An unhappily married woman describes a grim family holiday with an emotionally distant husband and children. Contemplating death as she swims across the water, she describes all the things that are “good” about herself and her husband – they are not paedophiles or rapists, they do not steal milk from their neighbours . . .

Read as a character study, her assertion that “we are good people, who can hardly live in this world that continues almost entirely at our expense”, is all the more moving because of the prison of egotism that the character must inhabit to bring forth such a proclamation.

Because (despite some differences in dietary preference) there seems to be only one voice in this collection, the reader is in danger of conflating the narrator with the author. This opens the narrator to the kind of unsolicited moral, intellectual, and political reckoning from which fictional characters should be exempt.

What Walsh does here is, for better or for worse, even bolder than creating an “unsympathetic narrator”. The “I” narrating Walsh’s stories is less a character, than a register – the remnants of babyhood that still exist in all adult minds, the layer of narrative that places itself at the centre of the world.

It is not so much a case of the voice being unlikable, but of parts of the human mind being rather ugly. The authenticity of this voice is remarkable, but it never gives way to anything deeper than a rigidly constructed self; and so at times the voice becomes monotonous; the concepts and the prose remain penned-in to a single facet.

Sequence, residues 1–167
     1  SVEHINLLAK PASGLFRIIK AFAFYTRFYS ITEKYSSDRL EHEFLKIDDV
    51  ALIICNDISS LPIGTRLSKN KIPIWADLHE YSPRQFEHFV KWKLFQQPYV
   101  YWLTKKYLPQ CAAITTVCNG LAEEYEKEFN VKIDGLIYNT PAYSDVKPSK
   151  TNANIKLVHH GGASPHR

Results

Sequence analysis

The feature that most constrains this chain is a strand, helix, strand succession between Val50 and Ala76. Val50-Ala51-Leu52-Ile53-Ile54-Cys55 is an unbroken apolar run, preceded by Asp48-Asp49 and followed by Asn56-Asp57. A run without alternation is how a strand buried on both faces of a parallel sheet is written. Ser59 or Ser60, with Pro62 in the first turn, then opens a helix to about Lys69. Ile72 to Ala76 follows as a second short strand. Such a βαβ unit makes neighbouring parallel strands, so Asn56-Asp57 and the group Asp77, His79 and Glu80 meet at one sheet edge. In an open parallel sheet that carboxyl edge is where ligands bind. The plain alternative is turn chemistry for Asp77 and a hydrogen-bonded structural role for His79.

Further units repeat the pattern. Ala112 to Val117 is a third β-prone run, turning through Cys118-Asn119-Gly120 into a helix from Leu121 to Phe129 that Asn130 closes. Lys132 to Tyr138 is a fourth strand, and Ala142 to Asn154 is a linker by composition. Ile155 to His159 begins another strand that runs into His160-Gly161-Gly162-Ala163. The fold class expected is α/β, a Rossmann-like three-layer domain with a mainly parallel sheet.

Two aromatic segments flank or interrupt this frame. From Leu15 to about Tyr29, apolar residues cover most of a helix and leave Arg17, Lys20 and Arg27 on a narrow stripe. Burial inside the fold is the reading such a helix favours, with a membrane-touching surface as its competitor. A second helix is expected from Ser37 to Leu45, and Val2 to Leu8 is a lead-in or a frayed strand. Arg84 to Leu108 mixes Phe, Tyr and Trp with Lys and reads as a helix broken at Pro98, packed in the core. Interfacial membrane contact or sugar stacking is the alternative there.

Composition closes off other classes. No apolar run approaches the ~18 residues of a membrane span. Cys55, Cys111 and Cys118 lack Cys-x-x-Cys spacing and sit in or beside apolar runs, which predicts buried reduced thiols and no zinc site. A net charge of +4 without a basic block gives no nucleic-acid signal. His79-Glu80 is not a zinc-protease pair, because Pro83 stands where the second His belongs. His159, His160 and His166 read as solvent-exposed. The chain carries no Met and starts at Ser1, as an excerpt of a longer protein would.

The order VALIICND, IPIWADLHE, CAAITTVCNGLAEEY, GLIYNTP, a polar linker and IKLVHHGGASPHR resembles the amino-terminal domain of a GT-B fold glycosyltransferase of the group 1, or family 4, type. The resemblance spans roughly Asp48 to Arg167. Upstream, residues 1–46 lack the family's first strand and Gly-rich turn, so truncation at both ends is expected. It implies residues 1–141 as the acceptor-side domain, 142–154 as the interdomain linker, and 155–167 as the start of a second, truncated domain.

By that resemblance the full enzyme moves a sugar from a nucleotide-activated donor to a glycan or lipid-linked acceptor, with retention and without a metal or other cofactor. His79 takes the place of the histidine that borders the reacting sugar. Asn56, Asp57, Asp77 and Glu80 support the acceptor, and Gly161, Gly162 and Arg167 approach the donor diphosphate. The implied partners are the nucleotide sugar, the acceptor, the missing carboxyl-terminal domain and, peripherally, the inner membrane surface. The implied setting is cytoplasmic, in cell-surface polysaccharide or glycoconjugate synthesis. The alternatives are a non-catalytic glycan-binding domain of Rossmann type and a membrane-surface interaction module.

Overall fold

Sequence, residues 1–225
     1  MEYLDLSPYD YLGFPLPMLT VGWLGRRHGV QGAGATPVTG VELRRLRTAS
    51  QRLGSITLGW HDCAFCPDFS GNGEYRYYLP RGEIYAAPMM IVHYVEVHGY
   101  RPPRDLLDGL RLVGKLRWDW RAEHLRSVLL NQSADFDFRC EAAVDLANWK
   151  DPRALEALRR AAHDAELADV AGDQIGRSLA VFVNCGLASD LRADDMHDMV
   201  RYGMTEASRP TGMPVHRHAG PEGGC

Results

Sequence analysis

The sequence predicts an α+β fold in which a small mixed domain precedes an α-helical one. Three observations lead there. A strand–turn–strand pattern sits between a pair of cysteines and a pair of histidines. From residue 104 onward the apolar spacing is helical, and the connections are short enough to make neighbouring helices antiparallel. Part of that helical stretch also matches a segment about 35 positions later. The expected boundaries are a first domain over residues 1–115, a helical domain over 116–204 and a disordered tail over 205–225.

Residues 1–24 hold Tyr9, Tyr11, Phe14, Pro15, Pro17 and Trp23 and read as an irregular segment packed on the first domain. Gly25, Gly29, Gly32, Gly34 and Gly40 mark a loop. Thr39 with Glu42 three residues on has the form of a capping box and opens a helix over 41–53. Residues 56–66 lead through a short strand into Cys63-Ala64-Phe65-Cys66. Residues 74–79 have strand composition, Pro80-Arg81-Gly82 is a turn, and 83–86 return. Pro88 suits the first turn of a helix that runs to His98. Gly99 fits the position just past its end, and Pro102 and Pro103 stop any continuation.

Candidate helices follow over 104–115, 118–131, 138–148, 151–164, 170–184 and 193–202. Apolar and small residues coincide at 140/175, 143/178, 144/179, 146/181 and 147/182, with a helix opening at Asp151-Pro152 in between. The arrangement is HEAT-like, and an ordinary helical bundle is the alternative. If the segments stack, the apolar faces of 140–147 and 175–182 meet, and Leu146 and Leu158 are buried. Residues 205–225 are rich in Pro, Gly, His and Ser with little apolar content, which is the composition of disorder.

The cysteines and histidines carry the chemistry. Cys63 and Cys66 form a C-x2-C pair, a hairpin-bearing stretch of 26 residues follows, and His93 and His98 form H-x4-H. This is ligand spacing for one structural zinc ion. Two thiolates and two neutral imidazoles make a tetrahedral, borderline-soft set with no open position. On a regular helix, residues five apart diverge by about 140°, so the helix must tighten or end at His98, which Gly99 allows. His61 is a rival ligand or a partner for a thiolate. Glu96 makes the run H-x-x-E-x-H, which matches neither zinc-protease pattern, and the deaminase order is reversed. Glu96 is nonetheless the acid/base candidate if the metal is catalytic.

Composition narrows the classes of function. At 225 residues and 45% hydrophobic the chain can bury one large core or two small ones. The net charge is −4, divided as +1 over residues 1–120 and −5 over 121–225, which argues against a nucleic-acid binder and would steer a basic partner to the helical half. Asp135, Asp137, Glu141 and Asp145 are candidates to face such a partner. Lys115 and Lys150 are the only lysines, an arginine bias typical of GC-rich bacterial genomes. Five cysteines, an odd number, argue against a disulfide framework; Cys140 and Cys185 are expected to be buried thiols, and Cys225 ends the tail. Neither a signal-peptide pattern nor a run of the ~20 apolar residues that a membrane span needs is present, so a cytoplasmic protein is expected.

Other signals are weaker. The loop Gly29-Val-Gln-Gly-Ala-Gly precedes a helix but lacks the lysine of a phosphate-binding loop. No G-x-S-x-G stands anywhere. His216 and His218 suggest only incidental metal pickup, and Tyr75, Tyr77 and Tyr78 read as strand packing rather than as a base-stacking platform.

On finishing Vertigo I turned it over and read it again, because I genuinely didn’t know what I thought.

I knew that most of the time I didn’t enjoy it, but also that enjoying it was never the point. I knew that a book that makes the reader squirm and think has to be worth reading.

The register is one rarely encountered in paper, and there is a genuine achievement in cracking open, as this author does, the tiny nooks in the mind, slowing single moments into painful swathes of time, and giving free reign to that egocentric part of the mind that rarely speaks with such unmitigated rawness.

Vertigo by Joanna Walsh (Dublin: Tramp Press, 2016)

Elske Rahill

Elske Rahill’s short stories have appeared in a number of literary journals and anthologies in Europe and the US. She is the author of the novel Between Dog and Wolf (Lilliput Press, 2013) and her short-story...